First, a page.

Lesson 4: Surprisingly, I find that I revel in small successes the same way I do large ones. And at the end, when I finally stretched out the final length of unbound yarn, a delicious sense of triumph overcame me. Yeah, it’s just unraveling a yarn snarl — but oh, what a feeling! It doesn’t matter that it was an insignificant problem to everyone else but me. I’ve righted a wrong. I’ve put back together that which was hopeless. Untangling that blob made me unreasonably giddy, and if I can take away the same joy from working through other problems — both large and small — I think I may have found the prescription for overall happiness in life.

Now I just need to finish up this glove….

May all your snarls be easy to untangle, may all your dye-lot numbers match, your yardage exceed the requirements, and until we meet again, may your dogs all be allergic to wool.

About thethingaboutjoan

Mom of three who knits a little, bakes a lot, crafts a bit and blogs about it all.
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11 Responses to Lessons from a hopeless tangle of yarn

  1. Epic. It wasn’t all gross with doggie drool? Or did you give it a wash? Good to know the conductive thread works, these might be in my future – but with the duplicate stitch, you can add the thread to any glove pattern, which is a good idea.

    • I found the doggie yarn bomb the next day, so it was mostly dry. A little worn in some spots but at least not wet (ick!).

      I need to find a cheap supplier for conductive thread. I see lots of these gloves in my future.

  2. I find untangling yarn very therapeutic. If there is a tangle and someone else decides to sort it out, I am amazed and almost disappointed.

    • I’m not usually so patient with tangled-up yarn; more often than not, I’ll give up and toss the whole thing back into a dark recess of my closet. But this time, I can understand how untangling the mess could be therapeutic. It’s got to be the mindset of the untangler– don’t you think? Someone who doesn’t think, “Great, here’s ANOTHER mess for me to deal with,” but who rather thinks, “Great! I can unwind and fix this.”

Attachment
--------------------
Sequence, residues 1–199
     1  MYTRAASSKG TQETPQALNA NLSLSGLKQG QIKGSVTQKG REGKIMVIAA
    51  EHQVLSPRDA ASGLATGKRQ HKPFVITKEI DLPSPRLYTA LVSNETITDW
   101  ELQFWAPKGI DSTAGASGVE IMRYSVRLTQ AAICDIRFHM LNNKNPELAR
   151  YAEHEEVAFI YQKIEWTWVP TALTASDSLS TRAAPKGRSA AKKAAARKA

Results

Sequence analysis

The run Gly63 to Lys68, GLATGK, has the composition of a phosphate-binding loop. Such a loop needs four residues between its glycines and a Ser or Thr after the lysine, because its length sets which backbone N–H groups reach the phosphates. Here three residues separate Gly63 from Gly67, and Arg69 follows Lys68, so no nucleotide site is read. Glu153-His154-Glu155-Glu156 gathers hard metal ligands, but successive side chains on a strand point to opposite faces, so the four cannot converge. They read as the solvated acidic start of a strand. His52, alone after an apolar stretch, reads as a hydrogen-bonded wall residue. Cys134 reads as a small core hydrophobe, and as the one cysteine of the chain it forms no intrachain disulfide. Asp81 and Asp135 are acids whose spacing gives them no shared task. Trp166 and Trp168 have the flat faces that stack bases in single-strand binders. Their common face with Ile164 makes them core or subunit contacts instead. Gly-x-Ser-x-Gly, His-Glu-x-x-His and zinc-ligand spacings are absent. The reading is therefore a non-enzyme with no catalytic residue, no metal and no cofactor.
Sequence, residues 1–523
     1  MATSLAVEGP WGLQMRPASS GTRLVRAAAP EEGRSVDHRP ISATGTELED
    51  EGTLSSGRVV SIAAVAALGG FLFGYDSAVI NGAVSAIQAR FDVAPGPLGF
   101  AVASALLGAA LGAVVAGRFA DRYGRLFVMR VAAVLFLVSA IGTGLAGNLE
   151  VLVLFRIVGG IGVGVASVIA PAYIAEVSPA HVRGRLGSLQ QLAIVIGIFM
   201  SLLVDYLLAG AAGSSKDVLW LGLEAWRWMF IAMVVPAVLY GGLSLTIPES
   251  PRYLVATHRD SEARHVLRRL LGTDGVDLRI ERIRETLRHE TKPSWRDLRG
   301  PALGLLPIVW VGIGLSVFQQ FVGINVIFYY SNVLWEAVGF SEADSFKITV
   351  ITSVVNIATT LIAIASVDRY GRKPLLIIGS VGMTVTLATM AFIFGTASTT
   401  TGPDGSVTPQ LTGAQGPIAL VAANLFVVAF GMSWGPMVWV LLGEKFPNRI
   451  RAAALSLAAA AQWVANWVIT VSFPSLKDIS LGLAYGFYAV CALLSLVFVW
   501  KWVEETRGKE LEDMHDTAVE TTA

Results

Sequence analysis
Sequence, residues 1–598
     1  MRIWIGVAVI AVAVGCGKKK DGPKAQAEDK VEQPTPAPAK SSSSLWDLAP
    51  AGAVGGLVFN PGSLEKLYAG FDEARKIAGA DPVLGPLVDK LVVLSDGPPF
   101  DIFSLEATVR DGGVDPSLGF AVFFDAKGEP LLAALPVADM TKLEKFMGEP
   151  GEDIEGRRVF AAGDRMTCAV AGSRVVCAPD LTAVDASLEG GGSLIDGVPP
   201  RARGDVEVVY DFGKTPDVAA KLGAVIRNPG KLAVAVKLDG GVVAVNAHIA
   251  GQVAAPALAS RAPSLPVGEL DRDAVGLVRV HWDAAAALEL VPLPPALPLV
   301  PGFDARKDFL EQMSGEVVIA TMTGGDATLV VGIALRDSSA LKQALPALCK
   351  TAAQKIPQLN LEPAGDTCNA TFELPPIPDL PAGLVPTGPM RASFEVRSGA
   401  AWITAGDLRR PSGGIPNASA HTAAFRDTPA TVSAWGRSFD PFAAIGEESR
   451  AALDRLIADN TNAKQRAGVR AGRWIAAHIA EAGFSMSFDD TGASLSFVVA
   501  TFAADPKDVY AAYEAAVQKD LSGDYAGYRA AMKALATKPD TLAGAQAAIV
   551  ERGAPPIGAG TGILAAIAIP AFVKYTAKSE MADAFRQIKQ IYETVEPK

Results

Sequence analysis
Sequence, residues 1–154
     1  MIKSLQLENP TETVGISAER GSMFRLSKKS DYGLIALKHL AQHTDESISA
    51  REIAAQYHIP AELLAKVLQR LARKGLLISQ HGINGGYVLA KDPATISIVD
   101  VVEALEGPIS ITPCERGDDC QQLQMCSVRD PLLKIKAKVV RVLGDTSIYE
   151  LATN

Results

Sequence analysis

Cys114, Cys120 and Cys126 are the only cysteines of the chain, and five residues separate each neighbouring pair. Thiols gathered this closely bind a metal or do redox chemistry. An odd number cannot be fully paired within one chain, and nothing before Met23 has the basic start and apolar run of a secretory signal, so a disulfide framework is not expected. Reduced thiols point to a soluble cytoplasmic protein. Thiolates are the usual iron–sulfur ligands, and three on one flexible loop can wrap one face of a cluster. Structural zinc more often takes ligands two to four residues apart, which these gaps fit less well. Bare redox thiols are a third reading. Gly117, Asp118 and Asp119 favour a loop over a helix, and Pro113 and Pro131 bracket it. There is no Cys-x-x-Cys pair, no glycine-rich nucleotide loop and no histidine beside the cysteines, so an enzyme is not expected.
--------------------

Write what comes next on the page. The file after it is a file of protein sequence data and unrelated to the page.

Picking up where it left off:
3. Lynne says:

    Lesson 5: No one was harmed – even the dog! I do like how you knit this yarn tale…. there is a lot of value in knitting, beside the project we are working on 🙂

    • I think I was more shocked that the dog actually got the yarn down and was able to do so much tangling in such a short amount of time. But if it had been a cashmere sweater in progress…. well, I hope we never find that out!

      I think I’d be lost without knitting — what about you? Reading can sometimes soothe my nerves, but if I’m working through a really big problem or I’m upset or worried, I turn to knitting to work it out. Now I just need to figure out how to knit sweaters that actually fit me when I’m finished!

  4. You and my mom have that don’t run, just fix it, thing in common. She wouldn’t run away from that either and I admire that quality. Me, I would look at that and freak out. I tend to run to her to try to get help finding a starting point for the untangle because for some reason I always end up making it more tangled while I’m trying to untangle it ;). She doesn’t even knit and she’s better at untangling than I am.

    • For me, sticking to the untangling process depends on: 1) my patience (some days I just don’t have any); 2) my time (again, sometimes I don’t have any); and 3) my desire to finish it (LOTS of times, I’ll throw the whole thing in a bag and stuff it in my closet). Eventually, I get around to untangling most things — because I can’t bear to see the yarn wasted!

      Oh.. but there’s freaking out on my end when I first see a ginormous tangle. LOTS of freaking… 🙂

      Thanks for stopping by and for the follow too! Hope you’re having a lovely weekend.

  5. summerlarson says:

    GREAT blog post! I laughed out loud (or is howled?) in sympathy and delight. I just detangled four skeins for a friend and can totally relate to the lessons learned. I feel so blessed to have two dogs and a young kitty who have very little interest in the yarn strewn all over my house. Thanks for sharing your experience!

    • Two dogs AND a kitty and none of them want to mess with your yarn? That is a gift, I tell you. It was hard enough to impress upon my kids when they were little that ripping the teeny needles out of Mama’s sock-in-progress was not funny. I didn’t realize I was going to have to worry so much about the dog!

      Thanks for stopping by!